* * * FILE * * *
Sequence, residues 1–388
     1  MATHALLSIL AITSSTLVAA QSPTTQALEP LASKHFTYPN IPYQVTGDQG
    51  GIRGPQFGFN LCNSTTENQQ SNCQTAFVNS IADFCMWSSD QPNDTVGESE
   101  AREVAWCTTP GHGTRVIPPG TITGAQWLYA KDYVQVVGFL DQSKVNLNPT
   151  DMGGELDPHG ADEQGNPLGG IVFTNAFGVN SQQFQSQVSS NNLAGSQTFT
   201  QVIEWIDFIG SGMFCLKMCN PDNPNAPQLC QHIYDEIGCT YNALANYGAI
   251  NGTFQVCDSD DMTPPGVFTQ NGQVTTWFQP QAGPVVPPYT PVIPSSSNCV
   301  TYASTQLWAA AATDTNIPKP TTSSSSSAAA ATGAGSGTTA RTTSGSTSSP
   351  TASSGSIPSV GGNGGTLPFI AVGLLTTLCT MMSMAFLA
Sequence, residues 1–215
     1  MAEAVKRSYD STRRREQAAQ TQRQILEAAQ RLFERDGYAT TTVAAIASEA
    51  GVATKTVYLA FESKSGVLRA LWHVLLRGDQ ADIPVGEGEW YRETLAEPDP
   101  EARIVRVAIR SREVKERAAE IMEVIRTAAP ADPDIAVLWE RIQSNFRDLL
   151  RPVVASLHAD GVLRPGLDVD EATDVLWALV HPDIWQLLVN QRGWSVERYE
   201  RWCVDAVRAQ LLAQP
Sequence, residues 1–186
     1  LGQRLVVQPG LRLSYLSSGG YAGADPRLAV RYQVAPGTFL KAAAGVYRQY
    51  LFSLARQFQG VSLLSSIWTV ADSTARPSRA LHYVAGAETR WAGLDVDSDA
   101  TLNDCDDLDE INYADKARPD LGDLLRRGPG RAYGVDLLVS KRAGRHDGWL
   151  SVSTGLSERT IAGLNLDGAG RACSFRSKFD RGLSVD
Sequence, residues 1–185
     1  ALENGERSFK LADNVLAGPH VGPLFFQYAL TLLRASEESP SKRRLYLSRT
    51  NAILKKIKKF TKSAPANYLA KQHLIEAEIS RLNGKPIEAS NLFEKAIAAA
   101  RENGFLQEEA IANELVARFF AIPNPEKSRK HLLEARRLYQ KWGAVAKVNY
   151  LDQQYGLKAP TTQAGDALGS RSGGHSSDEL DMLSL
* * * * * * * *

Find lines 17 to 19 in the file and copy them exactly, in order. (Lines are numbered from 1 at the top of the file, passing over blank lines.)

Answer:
     1  LGQRLVVQPG LRLSYLSSGG YAGADPRLAV RYQVAPGTFL KAAAGVYRQY
    51  LFSLARQFQG VSLLSSIWTV ADSTARPSRA LHYVAGAETR WAGLDVDSDA
   101  TLNDCDDLDE INYADKARPD LGDLLRRGPG RAYGVDLLVS KRAGRHDGWL